Immigration alone, however, cannot reverse the European aging and labor problems. While immigration can alleviate some labor shortages, reversal of population aging and decline in Europe would require massive inflows of migrants from outside of the EU at “unprecedented…and unsustainable levels” [41]. Some estimates say that it would take immigration levels of over 4 million people per year to offset Europe’s population decline [43].

Europe’s pied pipers - the growing influence of populists

Immigrant integration, or lack thereof, is also one of the platforms of the populist parties rising around Europe. Not only do many Europeans believe immigrants to be an economic burden on their economies, but they find them to be a challenge to their cultures [44]. As Oxford University demographer David Coleman writes, “Differences in expectations and values have challenged the receiving societies’ politics, constitutions, schools, and community relations, especially when the robust traditional values of the newcomers encounter a weakened sense of identity on the part of the Europeans” [45].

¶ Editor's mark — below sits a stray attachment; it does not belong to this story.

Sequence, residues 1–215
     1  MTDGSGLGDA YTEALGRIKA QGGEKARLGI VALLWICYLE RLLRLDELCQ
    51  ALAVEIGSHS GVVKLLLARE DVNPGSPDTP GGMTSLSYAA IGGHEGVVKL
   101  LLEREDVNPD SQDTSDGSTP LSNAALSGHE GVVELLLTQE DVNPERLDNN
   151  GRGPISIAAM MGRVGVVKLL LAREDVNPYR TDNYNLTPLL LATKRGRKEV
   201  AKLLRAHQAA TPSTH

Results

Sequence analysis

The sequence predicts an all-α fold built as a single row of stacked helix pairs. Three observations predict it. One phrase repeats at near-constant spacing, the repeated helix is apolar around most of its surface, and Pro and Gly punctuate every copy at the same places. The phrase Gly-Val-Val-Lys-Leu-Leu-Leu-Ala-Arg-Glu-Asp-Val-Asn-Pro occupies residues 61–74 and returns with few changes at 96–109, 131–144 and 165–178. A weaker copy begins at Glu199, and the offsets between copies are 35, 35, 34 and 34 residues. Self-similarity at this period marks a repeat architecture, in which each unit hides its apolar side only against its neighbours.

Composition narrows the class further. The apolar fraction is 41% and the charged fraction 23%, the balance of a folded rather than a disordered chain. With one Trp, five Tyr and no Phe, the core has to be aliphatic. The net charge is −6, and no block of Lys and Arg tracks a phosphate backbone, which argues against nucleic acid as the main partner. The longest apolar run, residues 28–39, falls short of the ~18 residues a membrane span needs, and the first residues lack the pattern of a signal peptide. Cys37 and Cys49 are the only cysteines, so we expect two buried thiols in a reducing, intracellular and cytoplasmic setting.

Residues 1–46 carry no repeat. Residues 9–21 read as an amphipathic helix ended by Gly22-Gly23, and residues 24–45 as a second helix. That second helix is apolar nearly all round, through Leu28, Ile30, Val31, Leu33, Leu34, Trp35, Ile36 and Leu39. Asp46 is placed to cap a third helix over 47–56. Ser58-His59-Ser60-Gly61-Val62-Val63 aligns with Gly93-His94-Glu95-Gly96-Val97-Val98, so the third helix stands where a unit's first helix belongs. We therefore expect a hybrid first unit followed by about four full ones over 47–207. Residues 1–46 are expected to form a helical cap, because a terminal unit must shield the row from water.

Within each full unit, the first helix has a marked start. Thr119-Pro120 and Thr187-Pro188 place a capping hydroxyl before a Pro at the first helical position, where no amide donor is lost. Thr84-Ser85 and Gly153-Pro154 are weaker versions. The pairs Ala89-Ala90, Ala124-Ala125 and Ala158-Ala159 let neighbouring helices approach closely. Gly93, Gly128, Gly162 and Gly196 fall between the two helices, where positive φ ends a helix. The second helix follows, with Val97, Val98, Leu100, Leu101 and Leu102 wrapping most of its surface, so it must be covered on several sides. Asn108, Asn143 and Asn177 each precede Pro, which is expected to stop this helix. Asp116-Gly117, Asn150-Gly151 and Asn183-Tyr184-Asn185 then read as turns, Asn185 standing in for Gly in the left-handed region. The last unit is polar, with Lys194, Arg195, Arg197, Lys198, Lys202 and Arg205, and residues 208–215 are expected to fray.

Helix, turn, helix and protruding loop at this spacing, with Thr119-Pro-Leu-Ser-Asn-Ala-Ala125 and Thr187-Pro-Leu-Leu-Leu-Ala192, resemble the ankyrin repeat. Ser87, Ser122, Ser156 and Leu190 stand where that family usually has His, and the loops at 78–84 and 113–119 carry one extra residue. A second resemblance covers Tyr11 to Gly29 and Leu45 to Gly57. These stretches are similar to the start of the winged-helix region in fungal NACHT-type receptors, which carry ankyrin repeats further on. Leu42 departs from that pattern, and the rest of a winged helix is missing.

Factions within several EU nations are advocating quotas on immigrants and even suspension of the Schengen Agreement. These voices gained ground when Switzerland voted in February 2014 to limit the number of immigrants it will accept from the EU. European leaders, including former European Commission President Jose Manuel Barroso, were quick to defend the principle of free movement throughout the community, but the euro-sceptic, or populist, parties that had been gaining strength in many EU countries took the Swiss vote as a sign that their message would resonate with voters [35].